- Despite continued actions to strengthen the global nuclear security architecture, the rate of improvement has slowed and significant gaps in the architecture remain. Countries must work to strengthen and sustain political attention on nuclear security, the International Atomic Energy Agency (IAEA) and the United Nations should work to achieve universalization of key legal instruments governing nuclear security, and countries should implement their treaty obligations and participate in voluntary initiatives, among other steps.
- Countries without nuclear materials are not sufficiently engaged in efforts to bolster the global nuclear security architecture. To address regional disparities and conflicting priorities, the IAEA should work with countries to build a stronger, more inclusive concept of nuclear security stressing that nuclear security is critical to maintaining public support for peaceful uses of nuclear technology.
- The IAEA still lacks the political and financial support it needs to fulfill its nuclear security mission. Countries should increase support for the IAEA by contributing to its Nuclear Security Fund and supporting and participating in IAEA activities, and the IAEA should work to build awareness of those activities and of how nuclear security helps countries benefit from peaceful nuclear use.
- With the exception of publishing regulations, countries’ actions to build confidence in nuclear security through information sharing and peer review remain limited. Countries should increase transparency and confidence by publishing annual nuclear security reports, by making public declarations about their progress on nuclear security, and by participating regularly in peer reviews, among other steps.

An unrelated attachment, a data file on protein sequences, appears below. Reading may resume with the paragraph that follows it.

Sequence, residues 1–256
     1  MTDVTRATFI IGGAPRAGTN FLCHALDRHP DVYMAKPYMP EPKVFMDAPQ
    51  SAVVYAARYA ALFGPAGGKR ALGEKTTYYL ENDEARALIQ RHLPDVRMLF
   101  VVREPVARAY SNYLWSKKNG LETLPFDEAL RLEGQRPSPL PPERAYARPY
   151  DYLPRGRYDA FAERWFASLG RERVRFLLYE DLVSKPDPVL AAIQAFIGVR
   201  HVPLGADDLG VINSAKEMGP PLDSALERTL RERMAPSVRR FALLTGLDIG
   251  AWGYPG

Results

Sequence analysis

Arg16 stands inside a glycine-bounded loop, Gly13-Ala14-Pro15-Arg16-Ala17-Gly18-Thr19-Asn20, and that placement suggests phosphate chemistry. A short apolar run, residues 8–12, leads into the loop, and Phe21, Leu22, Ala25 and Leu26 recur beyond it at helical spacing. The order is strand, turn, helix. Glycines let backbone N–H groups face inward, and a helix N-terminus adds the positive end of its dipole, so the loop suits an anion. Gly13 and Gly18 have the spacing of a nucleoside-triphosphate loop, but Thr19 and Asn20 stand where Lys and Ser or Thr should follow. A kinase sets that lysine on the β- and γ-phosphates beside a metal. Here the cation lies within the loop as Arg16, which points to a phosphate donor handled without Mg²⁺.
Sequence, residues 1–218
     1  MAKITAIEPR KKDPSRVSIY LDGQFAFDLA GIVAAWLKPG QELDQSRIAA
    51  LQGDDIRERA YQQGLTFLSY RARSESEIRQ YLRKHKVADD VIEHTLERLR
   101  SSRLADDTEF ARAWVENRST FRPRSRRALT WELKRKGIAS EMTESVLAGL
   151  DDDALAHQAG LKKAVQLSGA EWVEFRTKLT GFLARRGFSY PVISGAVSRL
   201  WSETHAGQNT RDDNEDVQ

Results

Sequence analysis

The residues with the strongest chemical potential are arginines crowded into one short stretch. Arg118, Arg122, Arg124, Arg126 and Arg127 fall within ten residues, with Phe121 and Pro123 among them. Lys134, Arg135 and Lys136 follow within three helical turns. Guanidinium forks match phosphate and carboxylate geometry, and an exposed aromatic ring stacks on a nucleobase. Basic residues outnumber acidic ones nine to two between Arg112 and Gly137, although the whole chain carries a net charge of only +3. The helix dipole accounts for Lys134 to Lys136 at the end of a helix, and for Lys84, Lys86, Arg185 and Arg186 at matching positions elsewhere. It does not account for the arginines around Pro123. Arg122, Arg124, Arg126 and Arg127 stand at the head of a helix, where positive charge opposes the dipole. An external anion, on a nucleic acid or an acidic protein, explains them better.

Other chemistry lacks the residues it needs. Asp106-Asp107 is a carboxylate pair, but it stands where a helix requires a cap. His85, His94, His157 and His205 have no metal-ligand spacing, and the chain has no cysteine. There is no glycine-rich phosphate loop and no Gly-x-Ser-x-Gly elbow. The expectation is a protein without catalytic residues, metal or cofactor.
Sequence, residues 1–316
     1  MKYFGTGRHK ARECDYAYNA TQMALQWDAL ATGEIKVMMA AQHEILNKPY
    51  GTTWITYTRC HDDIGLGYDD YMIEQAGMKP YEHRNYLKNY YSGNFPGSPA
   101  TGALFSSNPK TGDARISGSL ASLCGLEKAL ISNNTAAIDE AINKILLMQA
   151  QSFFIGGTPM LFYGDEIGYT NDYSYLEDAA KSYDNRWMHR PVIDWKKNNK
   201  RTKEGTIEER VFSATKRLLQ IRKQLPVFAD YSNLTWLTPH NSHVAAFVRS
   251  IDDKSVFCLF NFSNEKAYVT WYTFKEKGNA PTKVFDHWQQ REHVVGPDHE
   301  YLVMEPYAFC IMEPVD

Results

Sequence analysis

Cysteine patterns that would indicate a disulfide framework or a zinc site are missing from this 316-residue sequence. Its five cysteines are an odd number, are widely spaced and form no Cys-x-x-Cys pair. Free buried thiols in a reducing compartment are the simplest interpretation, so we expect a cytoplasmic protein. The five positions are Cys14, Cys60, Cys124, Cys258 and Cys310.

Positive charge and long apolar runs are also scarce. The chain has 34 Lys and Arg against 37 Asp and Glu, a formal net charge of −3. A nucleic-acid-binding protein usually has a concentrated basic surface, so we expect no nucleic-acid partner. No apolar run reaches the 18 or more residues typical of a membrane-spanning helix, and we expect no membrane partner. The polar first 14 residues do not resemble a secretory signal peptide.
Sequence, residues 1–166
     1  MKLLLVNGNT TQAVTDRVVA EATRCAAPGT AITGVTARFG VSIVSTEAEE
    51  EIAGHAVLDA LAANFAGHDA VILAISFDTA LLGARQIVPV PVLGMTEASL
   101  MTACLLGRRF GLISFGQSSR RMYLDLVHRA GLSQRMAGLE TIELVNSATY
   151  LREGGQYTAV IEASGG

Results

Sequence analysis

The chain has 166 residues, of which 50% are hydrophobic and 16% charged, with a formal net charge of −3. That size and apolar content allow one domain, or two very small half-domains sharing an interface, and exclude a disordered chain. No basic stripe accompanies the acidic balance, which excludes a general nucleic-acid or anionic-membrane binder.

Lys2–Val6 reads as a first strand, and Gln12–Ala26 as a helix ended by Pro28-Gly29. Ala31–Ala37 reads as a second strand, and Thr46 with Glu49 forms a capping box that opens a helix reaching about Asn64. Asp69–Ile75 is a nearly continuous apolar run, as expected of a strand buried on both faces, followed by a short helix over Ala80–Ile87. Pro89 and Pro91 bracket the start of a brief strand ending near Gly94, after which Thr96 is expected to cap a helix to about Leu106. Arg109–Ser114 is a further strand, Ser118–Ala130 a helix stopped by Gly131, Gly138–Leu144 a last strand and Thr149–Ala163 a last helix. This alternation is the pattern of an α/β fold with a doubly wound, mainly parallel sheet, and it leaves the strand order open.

- More countries are interested in acquiring nuclear technology for research or energy purposes, but nine countries planning new nuclear power programs have varying levels of preparedness to take on nuclear security responsibilities. To be responsible stewards, countries considering new nuclear energy capabilities should establish legal and regulatory frameworks that address insider threat prevention, cybersecurity, security culture, physical protection, control and accounting procedures, and response capabilities.
For more information, including data to download in Excel models, go to www.ntiindex.org. The website includes interactive infographics, where visitors can explore maps, compare country results, and determine how to prioritize steps that countries can take to improve their nuclear security conditions.
About the Nuclear Threat Initiative
NTI is a nonpartisan, nonprofit global security organization focused on reducing nuclear and biological threats imperiling humanity. Founded in 2001 by former U.S. Senator Sam Nunn and philanthropist Ted Turner, who continue to serve as co-chairs, NTI is guided by a prestigious international board of directors. Ernest J. Moniz serves as co-chair and chief executive officer; Joan Rohlfing is president and chief operating officer. Visit NTI at www.nti.org.